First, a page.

California’s troubled high-speed rail project hasn’t been abandoned, but its rising cost and ever-expanding timeframe are enough to make you wonder if any of us will be alive to get this thing up and running.
The latest thing is that some Sacramento lawmakers are releasing the last of the voter-approved bond funds for the railroad project, which traffic officials say will be needed to continue construction next summer. It is roughly $ 4.2 billion of the $ 10 billion electorate approved in 2008, and the Associated Press reports the dispute over whether the California High-Speed Rail Authority is at stake should use part of that sum to get a contract with a company to design, build, and maintain electrified track for the system – a necessity if this rail line is to be truly high-speed, the rail authority says.
Negotiations on this must be completed by the time legislators return to session in January.
But if the actual high-speed rail, which was voted for by voters and connects San Francisco to Los Angeles, is decades away, or if it could potentially be abandoned without funding, some lawmakers argue that that money should instead be spent on other rail projects, in which actually have more Californians. Specifically, several Los Angeles lawmakers want the money to flow into their city instead of building an electrified track system that, when completed, will only connect Merced and Bakersfield in eight years.
That fight dates back at least to June when people like Rep. Luz Rivas (D-Arleta) and Rep. Laura Friedman (D-Los Angeles) began to express doubts as to whether the money there was better, given all the uncertainties about funding should be issued.
“I’m concerned that inadequate funding could leave us with infrastructure that doesn’t meet the high-speed rail vision and benefit Southern California,” Rivas said in June, according to the Chronicle.
Friedman, the chairman of the transport committee and currently negotiating the financing, advocates giving the railway authorities $ 2.5 billion and waiting them to negotiate the track contract. She suggests that a diesel rail line could be the interim solution, with electrified overhead lines to be added later.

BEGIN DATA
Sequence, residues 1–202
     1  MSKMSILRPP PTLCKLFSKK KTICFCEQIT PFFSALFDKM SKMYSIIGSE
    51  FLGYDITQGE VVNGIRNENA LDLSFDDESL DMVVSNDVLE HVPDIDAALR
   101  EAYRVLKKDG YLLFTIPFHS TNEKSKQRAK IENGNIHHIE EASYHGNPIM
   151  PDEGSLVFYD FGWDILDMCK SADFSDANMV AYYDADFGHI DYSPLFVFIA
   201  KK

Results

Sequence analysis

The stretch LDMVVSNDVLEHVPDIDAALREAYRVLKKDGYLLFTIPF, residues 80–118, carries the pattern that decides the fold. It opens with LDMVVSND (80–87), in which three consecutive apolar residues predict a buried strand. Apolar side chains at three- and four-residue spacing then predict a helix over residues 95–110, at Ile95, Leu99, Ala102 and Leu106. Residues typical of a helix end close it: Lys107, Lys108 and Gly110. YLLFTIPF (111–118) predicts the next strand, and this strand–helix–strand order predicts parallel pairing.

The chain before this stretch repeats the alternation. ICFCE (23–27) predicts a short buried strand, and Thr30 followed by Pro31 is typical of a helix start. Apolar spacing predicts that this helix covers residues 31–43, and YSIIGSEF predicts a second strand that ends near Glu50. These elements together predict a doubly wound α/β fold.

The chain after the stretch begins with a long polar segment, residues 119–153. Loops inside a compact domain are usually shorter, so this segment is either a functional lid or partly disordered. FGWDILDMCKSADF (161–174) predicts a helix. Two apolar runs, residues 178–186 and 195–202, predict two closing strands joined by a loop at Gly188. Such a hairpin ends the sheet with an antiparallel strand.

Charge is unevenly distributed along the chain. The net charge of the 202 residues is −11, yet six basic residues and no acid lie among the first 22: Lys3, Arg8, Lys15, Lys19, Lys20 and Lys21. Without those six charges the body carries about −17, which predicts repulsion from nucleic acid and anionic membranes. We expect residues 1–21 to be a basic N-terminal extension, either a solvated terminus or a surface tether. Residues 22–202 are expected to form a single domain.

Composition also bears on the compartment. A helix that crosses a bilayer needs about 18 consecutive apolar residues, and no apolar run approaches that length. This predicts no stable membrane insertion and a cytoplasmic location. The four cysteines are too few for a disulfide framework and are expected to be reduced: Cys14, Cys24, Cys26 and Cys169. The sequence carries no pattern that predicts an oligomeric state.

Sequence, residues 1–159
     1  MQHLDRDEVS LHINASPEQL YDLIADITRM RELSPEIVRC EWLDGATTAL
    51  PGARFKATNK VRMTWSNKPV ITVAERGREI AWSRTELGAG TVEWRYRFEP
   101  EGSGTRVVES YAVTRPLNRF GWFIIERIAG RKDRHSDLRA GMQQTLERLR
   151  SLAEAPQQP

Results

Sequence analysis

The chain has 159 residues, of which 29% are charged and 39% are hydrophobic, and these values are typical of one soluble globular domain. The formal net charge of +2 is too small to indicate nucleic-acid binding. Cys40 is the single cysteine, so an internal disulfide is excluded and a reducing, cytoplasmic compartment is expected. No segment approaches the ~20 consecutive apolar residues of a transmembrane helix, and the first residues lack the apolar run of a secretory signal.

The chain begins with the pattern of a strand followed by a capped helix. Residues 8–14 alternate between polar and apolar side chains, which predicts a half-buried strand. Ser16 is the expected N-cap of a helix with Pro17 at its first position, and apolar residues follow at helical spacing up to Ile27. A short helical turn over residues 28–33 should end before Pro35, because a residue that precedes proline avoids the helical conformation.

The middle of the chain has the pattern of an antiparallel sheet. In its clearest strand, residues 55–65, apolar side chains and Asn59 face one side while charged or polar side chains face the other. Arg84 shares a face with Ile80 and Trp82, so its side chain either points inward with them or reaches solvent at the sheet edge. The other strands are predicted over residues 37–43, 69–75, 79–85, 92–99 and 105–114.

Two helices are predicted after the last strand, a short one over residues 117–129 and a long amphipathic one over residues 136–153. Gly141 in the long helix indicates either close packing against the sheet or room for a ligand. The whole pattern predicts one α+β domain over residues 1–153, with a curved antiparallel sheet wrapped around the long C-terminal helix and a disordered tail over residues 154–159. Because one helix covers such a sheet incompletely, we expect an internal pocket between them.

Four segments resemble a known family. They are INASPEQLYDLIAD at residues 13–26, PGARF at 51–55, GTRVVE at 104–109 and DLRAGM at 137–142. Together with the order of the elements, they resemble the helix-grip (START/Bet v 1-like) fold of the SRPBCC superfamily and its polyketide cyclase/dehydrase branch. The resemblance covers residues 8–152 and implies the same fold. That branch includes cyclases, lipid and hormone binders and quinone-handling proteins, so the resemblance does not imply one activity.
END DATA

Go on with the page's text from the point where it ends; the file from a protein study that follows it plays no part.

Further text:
“I’m not saying this is an optimal solution, but I think people need to be honest about what we can do right now,” Friedman told the Associated Press.
The cost of the entire high-speed rail project has risen from an initial low estimate of $ 33 billion to $ 98 billion – and just last year the budget was $ 15 billion lower. Federal money will likely go into the project if and when President Biden’s infrastructure bill is passed, but the project has been thrown into uncertainty twice in recent years, first by former President Trump, who withdrew nearly $ 1 billion in funds , and then again through the pandemic, which dried up the cap-and-trade auction finance projects. The latter has rebounded, and in June the U.S. Department of Transportation under Biden negotiated with the state to restore the funds taken away by Trump.
The current estimate is that the Merced-Bakersfield line will be operational in 2029 (five years ago this should be by 2022) and four years later from San Francisco to Los Angeles in 2033. But there are many contingencies in this schedule Last but not least, the construction of a railway corridor from San Jose to Merced and the electrification of the Caltrain tracks and the construction of passing tracks so that high-speed trains can share the Caltrain corridor with suburban trains.
San Francisco is far from just beginning with the so-called DTX or Downtown expansion, which will connect the empty train boxes under the Salesforce Transit Center to the existing Caltrain tracks, but that seems to be a minor problem compared to this point in time.
A positive step forward at the southern end of the project is the approval of the final environmental impact report for the Bakersfield-Palmdale section by the Board of Directors of the Railway Authority in August, which will at least theoretically lead the railway into the Los Angeles district. The aim is to obtain full environmental document approval for the entire SF-to-LA project by 2023. (This counts as Phase 1 with additional connections between Sacramento and San Diego in the future).
And despite mostly negative headlines coming in on the project, construction is underway at 35 different locations along the 119-mile route in the Central Valley, with an average of 1,100 workers per day. (If you’d like the occasional visual updates from the construction sites, follow the high-speed rail project’s Instagram account.)
Governor Gavin Newsom’s office issued a statement to the Associated Press stating that anything but electrification is not an option.
“We believe that the era of the slow, diesel-emitting rail is over, and we remain committed to a future of transportation that moves people quickly and without further pollution.”
Senators Dianne Feinstein and Alex Padilla also issued a joint statement to lawmakers saying, “This is not the time for California to step back from its commitment to high-speed rail.”
Experts warn that if California pulls out of high-speed rail, it will not only lose federal funding to other projects, but it will discourage other U.S. high-speed rail projects in the future.
It should be noted that Japan’s first bullet train, the Tokaido Shinkansen, which turns 57 this year, also nearly tripled its budget by the time it was completed. But the construction of this railway line only took five years.
Before: Zillionth version of the high-speed rail plan introduced, funding completely uncertain
Photo: cahsra / Instagram